Malawian minister faces fraud charge
Malawi's anti-fraud body has accused senior politicians of corruption and mismanagement that has plunged the southern African country into a food crisis threatening at least three million lives.
Malawi is the hardest hit of six southern African countries needing emergency food aid to feed about 13 million people facing serious food shortages. After months of investigations, its Anti-Corruption Bureau (ACB) has called for the prosecution of government officials, whom it accused of "criminal recklessness" for selling 166,000 tonnes of maize held in strategic reserves to prevent famine.
Gilton Chiwaula, the ACB head, said most of the maize went to senior politicians, some of whom never paid for it. The politicians then resold the maize elsewhere at a profit. All the grain reserves were sold despite warning signs that a food crisis was looming, he said.
Malawi faces a food deficit of 600,000 tonnes after two years of drought. The ACB said the officials in the National Food Reserve Agency and the Agriculture Development and Marketing Corporation who sold the 166,000 tonnes of reserves were guilty of mismanagement and fraud.
Leonard Mangulama, who is now the cabinet minister responsible for poverty alleviation, was agriculture minister at the time the reserves were sold. He has been named by the ACB as the principal player in the maize sale scandal.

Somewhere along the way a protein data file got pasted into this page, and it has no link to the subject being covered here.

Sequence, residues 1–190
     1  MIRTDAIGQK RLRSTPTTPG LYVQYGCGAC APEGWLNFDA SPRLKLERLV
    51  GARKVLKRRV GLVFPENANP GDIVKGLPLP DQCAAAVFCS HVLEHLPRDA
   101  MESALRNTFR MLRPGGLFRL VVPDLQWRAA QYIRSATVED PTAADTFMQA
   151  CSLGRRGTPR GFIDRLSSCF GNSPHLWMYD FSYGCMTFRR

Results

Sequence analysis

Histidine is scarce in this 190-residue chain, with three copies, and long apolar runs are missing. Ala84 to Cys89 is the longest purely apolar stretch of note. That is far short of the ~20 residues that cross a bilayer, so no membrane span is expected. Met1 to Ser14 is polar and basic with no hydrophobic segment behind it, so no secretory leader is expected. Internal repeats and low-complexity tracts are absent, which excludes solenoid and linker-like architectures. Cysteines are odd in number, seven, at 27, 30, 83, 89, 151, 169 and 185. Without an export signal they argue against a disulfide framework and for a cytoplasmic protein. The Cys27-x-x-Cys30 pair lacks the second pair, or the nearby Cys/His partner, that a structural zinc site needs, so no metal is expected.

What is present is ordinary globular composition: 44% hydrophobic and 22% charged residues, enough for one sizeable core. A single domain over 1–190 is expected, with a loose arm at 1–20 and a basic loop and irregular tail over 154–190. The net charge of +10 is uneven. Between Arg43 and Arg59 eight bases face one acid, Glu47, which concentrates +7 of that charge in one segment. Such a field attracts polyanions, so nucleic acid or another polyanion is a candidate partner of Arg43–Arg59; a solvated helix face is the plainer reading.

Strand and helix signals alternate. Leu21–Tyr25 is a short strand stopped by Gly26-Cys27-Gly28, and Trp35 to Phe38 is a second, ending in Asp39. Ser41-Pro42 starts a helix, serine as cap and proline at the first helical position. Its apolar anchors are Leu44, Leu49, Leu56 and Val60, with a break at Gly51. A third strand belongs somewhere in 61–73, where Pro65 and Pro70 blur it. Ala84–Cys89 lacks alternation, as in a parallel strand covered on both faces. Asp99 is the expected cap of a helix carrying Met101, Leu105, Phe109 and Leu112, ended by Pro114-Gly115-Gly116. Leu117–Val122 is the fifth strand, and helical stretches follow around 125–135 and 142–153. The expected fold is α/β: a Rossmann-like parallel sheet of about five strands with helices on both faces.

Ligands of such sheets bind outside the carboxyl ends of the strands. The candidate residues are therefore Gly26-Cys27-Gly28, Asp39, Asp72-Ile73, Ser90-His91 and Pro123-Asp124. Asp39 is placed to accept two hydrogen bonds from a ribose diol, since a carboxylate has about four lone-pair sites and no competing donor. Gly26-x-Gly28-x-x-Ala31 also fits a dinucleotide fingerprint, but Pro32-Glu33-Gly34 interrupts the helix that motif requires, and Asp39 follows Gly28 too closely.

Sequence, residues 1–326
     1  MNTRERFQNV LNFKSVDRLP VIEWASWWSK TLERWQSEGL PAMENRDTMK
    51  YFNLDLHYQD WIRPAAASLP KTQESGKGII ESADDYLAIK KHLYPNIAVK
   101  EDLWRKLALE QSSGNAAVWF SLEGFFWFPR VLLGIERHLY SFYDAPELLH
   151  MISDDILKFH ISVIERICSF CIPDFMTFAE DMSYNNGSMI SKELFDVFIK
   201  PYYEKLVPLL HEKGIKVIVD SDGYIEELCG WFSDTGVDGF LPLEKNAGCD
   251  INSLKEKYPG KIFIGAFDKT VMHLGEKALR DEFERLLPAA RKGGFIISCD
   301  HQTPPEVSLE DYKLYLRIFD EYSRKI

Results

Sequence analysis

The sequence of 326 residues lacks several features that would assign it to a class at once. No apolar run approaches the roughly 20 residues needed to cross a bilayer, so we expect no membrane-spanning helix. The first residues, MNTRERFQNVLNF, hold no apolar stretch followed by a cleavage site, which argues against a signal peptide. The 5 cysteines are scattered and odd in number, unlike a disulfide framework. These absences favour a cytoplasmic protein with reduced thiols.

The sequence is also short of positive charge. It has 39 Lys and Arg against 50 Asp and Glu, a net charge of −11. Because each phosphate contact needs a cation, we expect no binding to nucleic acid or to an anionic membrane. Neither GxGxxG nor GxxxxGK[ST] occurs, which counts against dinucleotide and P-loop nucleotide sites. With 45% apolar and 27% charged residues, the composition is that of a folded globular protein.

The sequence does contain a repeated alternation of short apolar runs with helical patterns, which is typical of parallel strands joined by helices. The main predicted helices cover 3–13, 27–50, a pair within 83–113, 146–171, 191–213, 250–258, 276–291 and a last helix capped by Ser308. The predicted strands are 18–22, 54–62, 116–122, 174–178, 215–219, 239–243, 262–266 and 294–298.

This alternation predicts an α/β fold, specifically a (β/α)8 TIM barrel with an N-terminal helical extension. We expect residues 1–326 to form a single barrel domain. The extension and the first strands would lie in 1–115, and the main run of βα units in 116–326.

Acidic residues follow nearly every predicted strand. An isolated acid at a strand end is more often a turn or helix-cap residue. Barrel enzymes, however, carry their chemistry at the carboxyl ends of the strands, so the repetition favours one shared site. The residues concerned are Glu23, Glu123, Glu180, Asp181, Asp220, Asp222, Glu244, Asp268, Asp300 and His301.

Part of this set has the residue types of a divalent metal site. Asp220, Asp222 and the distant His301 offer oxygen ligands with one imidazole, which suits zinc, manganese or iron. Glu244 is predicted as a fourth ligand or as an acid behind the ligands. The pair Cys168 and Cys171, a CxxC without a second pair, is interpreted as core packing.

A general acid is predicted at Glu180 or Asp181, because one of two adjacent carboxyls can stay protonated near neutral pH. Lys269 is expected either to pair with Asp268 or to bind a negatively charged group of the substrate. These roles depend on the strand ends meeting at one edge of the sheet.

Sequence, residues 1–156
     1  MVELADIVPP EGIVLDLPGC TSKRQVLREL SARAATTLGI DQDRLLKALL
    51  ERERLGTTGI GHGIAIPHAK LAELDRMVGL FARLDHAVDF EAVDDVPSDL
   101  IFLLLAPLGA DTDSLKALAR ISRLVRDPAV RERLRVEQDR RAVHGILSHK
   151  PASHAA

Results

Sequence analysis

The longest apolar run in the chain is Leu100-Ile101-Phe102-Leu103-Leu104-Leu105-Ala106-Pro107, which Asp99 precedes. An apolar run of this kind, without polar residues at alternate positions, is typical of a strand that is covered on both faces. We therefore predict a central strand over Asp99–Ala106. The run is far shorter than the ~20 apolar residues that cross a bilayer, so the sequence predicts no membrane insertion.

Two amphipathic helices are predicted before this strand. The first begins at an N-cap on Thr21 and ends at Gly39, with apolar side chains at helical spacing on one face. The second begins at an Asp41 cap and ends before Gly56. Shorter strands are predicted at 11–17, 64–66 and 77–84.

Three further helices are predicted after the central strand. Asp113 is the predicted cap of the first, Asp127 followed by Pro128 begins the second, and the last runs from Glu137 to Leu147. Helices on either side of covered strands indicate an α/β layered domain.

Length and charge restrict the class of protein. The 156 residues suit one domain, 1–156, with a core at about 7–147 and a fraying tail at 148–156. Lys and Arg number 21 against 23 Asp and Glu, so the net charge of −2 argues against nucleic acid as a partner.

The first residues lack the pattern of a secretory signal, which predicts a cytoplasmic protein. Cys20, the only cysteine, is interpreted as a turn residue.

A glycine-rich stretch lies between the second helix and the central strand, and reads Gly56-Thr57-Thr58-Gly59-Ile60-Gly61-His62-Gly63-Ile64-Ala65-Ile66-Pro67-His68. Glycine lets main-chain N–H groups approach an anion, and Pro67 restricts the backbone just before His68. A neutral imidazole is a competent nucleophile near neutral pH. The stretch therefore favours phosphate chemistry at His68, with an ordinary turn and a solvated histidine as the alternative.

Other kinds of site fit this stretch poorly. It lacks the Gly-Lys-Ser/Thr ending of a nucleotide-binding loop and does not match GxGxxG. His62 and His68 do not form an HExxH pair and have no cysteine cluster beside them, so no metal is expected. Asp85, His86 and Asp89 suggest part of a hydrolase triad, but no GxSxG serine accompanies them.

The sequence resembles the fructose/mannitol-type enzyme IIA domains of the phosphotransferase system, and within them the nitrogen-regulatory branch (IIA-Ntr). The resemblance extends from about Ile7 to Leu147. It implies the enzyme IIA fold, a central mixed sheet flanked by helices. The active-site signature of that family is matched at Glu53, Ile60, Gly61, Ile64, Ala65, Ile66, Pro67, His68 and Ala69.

Fahad Assani, Malawi's director of public prosecutions, said his office would prosecute Mr Mangulama, for his alleged involvement in the scam. He said that apart from a charge of abusing his office, Mr Mangulama would be prosecuted for getting 300 tonnes of maize from the reserves without paying for them. Mr Mangulama allegedly resold the maize and pocketed the cash.
Mr Mangulama was quoted as admitting that he was a registered maize supplier in Malawi but refused to comment on the 300 tonnes the ACB accused him of fraudulently obtaining from the reserves.
Malawi has repeatedly blamed the disposal of its grain reserves on bad advice from the International Monetary Fund, a charge the IMF denies.
The government said about 500 people starved to death between January and March but churches and aid groups say the figure could well be in the thousands. The World Health Organisation said child malnutrition rates had more than trebled in the past three months from six to 19 per cent. It said the food crisis would lead to 300,000 further deaths in southern Africa this year.
Meanwhile the auditor general's office accused President Bakili Muluzi's office of failing to account for £488,000. It said there were no supporting documents to prove that the money was used for allowances and government vehicle maintenance as claimed.
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